There is a programming bias in the scheduling engine that leans toward calculating duration. This is what most people want the tool to do in order to predict schedule and cost slippage. So, don't fight the tool. Let it do it's job and use fixed units for most work with few exceptions.

     

     


    Gary Chefetz, MCITP, MCP, MVP msProjectExperts
    Project and Project ServerFAQs
    Project Server Help BLOG
    • Marked as answer by Raja Bharathi Friday, April 8, 2011 8:25 PM
    Friday, April 8, 2011 8:11 PM
    Moderator

All replies

  • Understand that there is no "one right way" to do things in a system that is designed to be so flexible that it allows you to hang yourself with relative ease. To begin with, Fixed Duration doesn't seem to represent the reality you describe. It is more likely that you be using the default fixed units for task types, which will give you better results tracking SPI and other earned value calculations.

    When you update work and remaing work, you also update duration. So you update both %Work Complete and % Complete, which should be called % Duration Complete to be less confusing. Understand that Duration is caclulated by the system based on the number of working days that the task spans on the calendar, so it's not always intuitive.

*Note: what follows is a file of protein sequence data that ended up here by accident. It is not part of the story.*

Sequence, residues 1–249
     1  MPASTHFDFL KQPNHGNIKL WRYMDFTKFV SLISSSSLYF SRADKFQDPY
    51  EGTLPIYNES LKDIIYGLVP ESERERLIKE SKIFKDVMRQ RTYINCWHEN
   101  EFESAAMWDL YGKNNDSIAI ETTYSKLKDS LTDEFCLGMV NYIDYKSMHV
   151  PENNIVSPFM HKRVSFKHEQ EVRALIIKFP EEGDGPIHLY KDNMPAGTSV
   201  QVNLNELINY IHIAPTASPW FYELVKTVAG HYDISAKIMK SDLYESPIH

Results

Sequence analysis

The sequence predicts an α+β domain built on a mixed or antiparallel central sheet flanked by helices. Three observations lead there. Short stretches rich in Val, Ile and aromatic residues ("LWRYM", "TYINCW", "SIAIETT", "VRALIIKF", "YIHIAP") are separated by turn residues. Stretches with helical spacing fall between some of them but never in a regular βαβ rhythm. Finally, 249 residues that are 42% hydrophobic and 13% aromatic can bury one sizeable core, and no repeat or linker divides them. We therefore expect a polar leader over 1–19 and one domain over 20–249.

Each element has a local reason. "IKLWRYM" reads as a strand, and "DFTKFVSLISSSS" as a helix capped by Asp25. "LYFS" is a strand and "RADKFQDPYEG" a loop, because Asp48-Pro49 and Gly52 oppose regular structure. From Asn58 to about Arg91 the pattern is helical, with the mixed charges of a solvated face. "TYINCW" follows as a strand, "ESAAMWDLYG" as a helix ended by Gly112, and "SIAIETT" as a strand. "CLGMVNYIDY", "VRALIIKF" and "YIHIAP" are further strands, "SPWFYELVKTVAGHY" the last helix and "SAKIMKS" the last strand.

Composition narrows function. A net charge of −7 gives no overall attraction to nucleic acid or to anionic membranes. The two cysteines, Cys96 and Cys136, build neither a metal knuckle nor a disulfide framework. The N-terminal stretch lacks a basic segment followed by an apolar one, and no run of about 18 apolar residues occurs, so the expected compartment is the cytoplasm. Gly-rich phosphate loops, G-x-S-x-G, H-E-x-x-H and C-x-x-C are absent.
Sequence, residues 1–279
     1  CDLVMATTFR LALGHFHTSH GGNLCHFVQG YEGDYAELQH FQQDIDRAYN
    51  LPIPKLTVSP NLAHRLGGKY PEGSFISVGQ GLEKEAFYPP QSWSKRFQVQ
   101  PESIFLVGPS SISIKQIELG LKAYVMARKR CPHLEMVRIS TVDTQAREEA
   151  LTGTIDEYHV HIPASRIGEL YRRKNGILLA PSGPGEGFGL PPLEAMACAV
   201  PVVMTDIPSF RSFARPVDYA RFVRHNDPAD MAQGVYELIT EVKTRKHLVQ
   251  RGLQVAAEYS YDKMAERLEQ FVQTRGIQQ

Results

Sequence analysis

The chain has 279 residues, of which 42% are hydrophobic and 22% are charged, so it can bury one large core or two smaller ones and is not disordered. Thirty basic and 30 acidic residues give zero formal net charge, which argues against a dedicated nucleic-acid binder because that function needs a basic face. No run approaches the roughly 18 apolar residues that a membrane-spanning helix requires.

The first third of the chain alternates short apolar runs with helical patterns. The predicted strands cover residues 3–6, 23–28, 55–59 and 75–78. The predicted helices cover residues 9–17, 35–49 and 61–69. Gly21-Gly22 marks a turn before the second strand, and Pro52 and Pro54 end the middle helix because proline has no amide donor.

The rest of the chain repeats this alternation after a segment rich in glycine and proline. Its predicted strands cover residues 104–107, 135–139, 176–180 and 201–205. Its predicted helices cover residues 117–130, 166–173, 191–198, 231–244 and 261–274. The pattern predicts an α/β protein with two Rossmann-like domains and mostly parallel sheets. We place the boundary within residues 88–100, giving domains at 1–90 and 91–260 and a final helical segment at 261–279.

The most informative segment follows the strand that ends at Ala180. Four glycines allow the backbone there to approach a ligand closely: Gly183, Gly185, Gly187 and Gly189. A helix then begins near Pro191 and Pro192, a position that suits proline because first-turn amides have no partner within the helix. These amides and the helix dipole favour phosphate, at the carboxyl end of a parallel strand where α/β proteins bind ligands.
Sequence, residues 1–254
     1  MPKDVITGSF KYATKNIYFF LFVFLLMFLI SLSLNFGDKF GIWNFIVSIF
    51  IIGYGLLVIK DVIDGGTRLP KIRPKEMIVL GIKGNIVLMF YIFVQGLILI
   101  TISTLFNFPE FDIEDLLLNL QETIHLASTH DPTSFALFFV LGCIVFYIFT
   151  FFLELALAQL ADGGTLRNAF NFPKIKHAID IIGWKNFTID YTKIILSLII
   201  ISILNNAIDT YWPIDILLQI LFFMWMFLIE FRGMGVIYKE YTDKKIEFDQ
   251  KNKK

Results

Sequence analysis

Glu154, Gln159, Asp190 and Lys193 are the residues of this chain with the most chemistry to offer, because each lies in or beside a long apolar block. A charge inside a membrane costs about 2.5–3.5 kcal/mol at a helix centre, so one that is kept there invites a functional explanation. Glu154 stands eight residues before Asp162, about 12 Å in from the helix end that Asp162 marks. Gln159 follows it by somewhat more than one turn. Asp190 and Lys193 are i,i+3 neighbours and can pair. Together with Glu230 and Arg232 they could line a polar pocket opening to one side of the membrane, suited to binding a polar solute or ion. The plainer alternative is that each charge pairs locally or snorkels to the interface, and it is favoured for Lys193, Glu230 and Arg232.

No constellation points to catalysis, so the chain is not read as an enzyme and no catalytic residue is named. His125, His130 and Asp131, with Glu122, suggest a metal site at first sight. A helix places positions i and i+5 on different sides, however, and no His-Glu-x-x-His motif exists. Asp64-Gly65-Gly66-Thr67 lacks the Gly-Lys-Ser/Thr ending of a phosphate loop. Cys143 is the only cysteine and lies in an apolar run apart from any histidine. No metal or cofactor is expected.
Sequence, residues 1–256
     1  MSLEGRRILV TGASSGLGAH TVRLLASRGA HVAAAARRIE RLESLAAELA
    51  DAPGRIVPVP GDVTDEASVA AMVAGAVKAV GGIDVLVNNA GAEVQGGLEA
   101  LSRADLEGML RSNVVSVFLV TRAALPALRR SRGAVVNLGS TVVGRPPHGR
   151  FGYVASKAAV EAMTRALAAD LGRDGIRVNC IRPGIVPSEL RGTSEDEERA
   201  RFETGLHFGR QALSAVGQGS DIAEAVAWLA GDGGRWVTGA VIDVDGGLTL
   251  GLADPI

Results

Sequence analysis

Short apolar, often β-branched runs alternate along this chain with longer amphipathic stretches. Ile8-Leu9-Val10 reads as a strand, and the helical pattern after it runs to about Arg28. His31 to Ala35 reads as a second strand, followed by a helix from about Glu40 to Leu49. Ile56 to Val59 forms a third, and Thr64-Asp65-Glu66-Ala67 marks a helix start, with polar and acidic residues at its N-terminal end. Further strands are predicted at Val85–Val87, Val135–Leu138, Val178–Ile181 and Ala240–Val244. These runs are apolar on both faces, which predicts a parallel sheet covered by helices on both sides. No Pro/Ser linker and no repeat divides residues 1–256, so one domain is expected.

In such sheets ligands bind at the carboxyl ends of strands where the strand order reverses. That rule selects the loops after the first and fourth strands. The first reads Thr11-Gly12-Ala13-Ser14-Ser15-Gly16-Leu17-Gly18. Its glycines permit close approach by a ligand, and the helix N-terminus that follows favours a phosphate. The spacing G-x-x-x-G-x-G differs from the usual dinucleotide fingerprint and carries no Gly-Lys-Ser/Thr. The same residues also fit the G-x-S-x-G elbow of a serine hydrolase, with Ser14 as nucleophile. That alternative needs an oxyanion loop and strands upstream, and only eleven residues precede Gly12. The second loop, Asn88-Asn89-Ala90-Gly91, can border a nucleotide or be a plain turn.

Scenario1: At the end of the 5th day, the resource might have completed the task and marks remaining work hours as 0 – this would automatically mark the %work complete as 100%, what happens to the %complete here?

    If you are using time entry by day, you need to provide the actual work and the dates it occurred to explain what happens in this scenario. Using the one hour/day over ten days as the basis for the calculation, and the sole team team member assigned enters say, 2hours per day for each of the first 5 days of the planned 10 days, and the Project Manager then accepts the update, the following happens: The system changes the remainign work to 0, the duration changes to 5 days, the % work complete goes to 100% and the % Complete goes to 100%. 


    Scenario2: At the end of the 5th day, the resource has spent 5 hours, but only completed 25% of the work, how can the PM reflect this?

    Again, this depends on how the resource enters the work and what else the resource enters. If the resource reports only 2.5 hours during the first 5 days, then the system tries to reschedule the incomplete work to remaining duration until it can no longer do so.

    There is a programming bias in the scheduling engine that leans toward calculating duration. This is what most people want the tool to do in order to predict schedule and cost slippage. So, don't fight the tool. Let it do it's job and use fixed units for most work with few exceptions.

     

     


    Gary Chefetz, MCITP, MCP, MVP msProjectExperts
    Project and Project ServerFAQs
    Project Server Help BLOG
    • Marked as answer by Raja Bharathi Friday, April 8, 2011 8:25 PM
    Friday, April 8, 2011 8:11 PM
    Moderator
  • You are the best!
    Friday, April 8, 2011 8:26 PM